Despite communicative technology that brings people together with immediacy and clarity, many scholars speculate that people living in our society today are some of the loneliest ever. While communication is easy, the medium does not promote intimacy. Thus, many people in our society do not understand real intimacy and thus struggle to understand real community.
The church has long existed as a place to promote real community. Jesus called a group of twelve and he sent them out two by two. Paul, Silas, and Barnabas found communities of faith, not just individuals, and then Paul writes to them largely concerning how they can live healthily together. The church should be a place where people learn intimacy, a place where shared living happens.
People are craving intimacy and community. At the same time people are scared by both of these because they require putting oneself out there. Remember the risk and vulnerability it takes to go as a visitor to a church? I have been to far too many churches where I am greeted with clichés and sound bytes rather than genuine care. After all, we are followers of Jesus who has made it known how deeply he cares about each one of us. Jesus became our constant companion and our guard against loneliness. We should follow suite and offer such compassionate hospitality to a guest.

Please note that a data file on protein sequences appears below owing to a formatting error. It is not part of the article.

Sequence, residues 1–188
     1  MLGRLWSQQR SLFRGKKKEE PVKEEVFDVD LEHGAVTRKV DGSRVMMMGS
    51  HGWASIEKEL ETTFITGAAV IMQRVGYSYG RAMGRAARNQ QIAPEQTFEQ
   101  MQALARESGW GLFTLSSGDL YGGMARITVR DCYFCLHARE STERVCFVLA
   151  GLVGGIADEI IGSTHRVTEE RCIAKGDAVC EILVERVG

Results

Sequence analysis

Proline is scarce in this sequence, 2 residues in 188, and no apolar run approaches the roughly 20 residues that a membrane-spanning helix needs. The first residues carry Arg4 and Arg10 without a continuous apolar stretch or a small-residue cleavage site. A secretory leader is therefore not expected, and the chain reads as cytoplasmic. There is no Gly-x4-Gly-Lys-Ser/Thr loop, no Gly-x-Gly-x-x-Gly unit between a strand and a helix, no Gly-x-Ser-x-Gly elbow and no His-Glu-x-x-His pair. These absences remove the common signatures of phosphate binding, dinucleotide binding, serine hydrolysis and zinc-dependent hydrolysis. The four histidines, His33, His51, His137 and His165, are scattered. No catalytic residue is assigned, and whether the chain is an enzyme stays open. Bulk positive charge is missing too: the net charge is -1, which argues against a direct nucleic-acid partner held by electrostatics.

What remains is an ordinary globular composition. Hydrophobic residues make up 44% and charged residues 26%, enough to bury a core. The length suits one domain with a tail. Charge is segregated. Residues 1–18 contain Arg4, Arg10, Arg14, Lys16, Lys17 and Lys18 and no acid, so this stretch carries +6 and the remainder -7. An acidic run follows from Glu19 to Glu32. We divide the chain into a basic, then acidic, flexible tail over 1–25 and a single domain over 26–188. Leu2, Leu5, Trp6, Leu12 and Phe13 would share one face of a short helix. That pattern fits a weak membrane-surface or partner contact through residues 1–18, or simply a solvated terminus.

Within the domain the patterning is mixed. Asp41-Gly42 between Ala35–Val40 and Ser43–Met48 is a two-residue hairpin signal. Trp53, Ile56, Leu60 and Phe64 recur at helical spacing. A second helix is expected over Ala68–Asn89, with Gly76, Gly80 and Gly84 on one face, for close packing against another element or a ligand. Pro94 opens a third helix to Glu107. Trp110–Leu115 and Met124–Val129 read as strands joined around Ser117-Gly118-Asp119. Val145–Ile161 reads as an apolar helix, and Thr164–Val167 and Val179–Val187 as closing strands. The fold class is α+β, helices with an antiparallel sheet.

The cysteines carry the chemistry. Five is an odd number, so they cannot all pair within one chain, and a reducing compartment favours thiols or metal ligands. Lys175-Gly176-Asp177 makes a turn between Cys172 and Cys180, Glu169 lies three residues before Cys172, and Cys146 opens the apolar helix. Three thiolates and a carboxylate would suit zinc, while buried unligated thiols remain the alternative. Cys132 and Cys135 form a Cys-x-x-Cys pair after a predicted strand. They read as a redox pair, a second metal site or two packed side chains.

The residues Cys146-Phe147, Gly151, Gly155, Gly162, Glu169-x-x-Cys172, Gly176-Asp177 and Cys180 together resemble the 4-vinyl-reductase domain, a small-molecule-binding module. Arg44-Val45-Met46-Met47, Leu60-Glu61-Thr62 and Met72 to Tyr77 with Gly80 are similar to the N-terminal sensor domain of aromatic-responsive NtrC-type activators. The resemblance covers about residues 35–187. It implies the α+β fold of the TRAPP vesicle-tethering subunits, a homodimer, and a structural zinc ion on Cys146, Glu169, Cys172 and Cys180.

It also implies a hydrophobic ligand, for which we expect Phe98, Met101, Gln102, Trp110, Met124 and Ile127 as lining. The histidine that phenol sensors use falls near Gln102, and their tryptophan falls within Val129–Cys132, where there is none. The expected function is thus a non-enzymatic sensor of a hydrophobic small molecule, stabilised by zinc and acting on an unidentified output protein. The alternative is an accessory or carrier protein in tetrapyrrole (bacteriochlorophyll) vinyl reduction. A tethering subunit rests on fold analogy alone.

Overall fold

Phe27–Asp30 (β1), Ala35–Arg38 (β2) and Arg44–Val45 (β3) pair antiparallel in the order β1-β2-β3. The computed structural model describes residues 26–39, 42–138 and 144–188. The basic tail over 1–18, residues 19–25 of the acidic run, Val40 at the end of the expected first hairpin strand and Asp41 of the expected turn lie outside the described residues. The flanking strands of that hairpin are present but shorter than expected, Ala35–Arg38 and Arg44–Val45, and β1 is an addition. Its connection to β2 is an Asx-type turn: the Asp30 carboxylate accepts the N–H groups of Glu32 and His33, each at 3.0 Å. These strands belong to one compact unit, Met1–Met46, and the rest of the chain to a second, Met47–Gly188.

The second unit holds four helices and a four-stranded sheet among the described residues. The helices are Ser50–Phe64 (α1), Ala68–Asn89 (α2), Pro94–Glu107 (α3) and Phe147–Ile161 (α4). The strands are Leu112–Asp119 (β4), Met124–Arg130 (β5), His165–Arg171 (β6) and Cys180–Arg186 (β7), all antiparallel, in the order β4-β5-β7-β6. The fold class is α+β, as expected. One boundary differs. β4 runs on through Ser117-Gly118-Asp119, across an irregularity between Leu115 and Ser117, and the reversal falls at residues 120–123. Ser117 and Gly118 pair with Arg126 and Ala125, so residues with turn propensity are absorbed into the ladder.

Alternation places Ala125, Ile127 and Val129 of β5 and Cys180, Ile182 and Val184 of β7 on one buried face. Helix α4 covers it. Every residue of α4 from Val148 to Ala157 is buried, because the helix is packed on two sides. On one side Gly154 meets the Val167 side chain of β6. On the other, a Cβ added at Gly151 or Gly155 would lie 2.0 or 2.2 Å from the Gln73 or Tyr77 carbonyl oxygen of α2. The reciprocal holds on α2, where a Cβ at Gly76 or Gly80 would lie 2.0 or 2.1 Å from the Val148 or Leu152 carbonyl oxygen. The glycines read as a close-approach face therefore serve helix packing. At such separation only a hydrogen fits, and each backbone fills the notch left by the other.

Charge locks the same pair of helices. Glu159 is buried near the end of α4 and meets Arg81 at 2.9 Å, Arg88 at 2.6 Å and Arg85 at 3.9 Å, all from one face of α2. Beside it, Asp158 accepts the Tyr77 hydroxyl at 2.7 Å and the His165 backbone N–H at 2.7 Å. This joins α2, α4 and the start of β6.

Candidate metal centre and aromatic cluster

We are going to get some practice with such genuine hospitality with our new BVSer, David Rauwolf. David is thousands of miles away from his home in Germany. He has given a year to be in service to us; what an awesome gift! But can we meet him with genuine hospitality, the kind of hospitality that leads to shared living? There’s a real challenge to all of you.
I once heard a Brethren minister from Virginia talk about the cultural shift around hospitality when he moved to the “North.” Hospitality does not always come natural to those of us in this area. Yet, when our culture is craving intimacy and community, as Christians we need to step up to the plate. In a celebrated hospitality text from Genesis 18, Abraham doesn’t wait for these three strange men to come to the gate. No, he runs to them and bows to their feet. Can we create such an environment in our church? Are we willing to humble ourselves before a stranger? Would we even do this for the person we share a pew or table with? Are we willing to run beyond our church doors to connect with another person? At our many functions and activities this month, take a shot at hospitality which extends your comfort zone. Connect with somebody in a real, Christ-like way.